Crisis Intervention Teams

“There are times when someone in a mental health crisis may be acting in ways that can seem suspicious to officers and others who don’t understand that behavior could be the symptom of a serious illness. There’s more to being a law enforcement officer than just arresting people, and this CIT training provides the tools to truly assist people in getting the help they need.”
Lauderdale County Chief Deputy Ward Calhoun

Click here to view Chief Deputy Calhoun’s personal experience of how his community has benefited from Crisis Intervention Team training.

Crisis Intervention Teams are the product of a partnership between local law enforcement officers and a variety of agencies, including Community Mental Health Centers, primary health providers and behavioral health professionals. Officers who have received crisis intervention training respond to individuals experiencing a mental health crisis and divert them to an appropriate setting to provide treatment, ensuring individuals are not arrested and taken to jail due to the symptoms of their illness.

CITs are a nationally-recognized best practice, and officers who have received CIT training have been recognized as having the understanding and skills needed to resolve crisis situations.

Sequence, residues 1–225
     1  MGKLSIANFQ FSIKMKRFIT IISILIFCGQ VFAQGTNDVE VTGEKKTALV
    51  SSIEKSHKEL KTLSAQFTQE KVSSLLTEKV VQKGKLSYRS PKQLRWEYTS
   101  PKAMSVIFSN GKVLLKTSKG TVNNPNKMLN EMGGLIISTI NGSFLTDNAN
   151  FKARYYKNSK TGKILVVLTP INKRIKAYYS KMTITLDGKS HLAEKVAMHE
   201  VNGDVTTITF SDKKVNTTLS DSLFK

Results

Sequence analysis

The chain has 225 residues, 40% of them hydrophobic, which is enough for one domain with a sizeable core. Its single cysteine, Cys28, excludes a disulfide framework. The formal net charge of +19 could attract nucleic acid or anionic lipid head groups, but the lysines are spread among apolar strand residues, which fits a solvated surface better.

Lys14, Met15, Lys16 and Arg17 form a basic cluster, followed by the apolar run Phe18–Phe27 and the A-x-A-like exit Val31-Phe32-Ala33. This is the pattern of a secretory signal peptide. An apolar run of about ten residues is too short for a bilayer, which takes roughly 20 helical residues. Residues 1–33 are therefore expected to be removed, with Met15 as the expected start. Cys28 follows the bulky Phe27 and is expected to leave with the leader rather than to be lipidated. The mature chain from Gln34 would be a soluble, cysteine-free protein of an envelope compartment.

Who Makes Up a Crisis Intervention Team?

A community partnership between law enforcement and members of the local community is essential for a CIT. While officers are trained in crisis situations, the goal is to divert individuals from a possible arrest to a setting where they can receive services for their illness. Partnerships between law enforcement, Community Mental Health Centers or other local health care providers are critical in arranging a single point of entry for treatment services. 

What Training is Required?

CIT officers receive 40 hours of training on topics such as mental health diagnoses, medications, substance use issues and more. They also receive hands-on instruction in de-escalation techniques and hear first-hand accounts from individuals who have experienced mental health crises themselves. The training has a specific focus on safety, for both the officers and the individuals in crisis.

 Does CIT Work?

Studies have shown that crisis intervention significantly reduces the instances of arrest and re-arrest for individuals with serious mental illness. CIT officers are able to identify individuals experiencing a crisis and are more likely to divert them to a treatment program.

CITs have also been shown to reduce officer injuries and calls requiring special officer teams. CITs have worked in both urban and rural communities. 

Where Can I Find Out More?

For more information, including how to arrange CIT training, contact Marcus Crowley at the Mississippi Department of Mental Health at 601-359-1288 or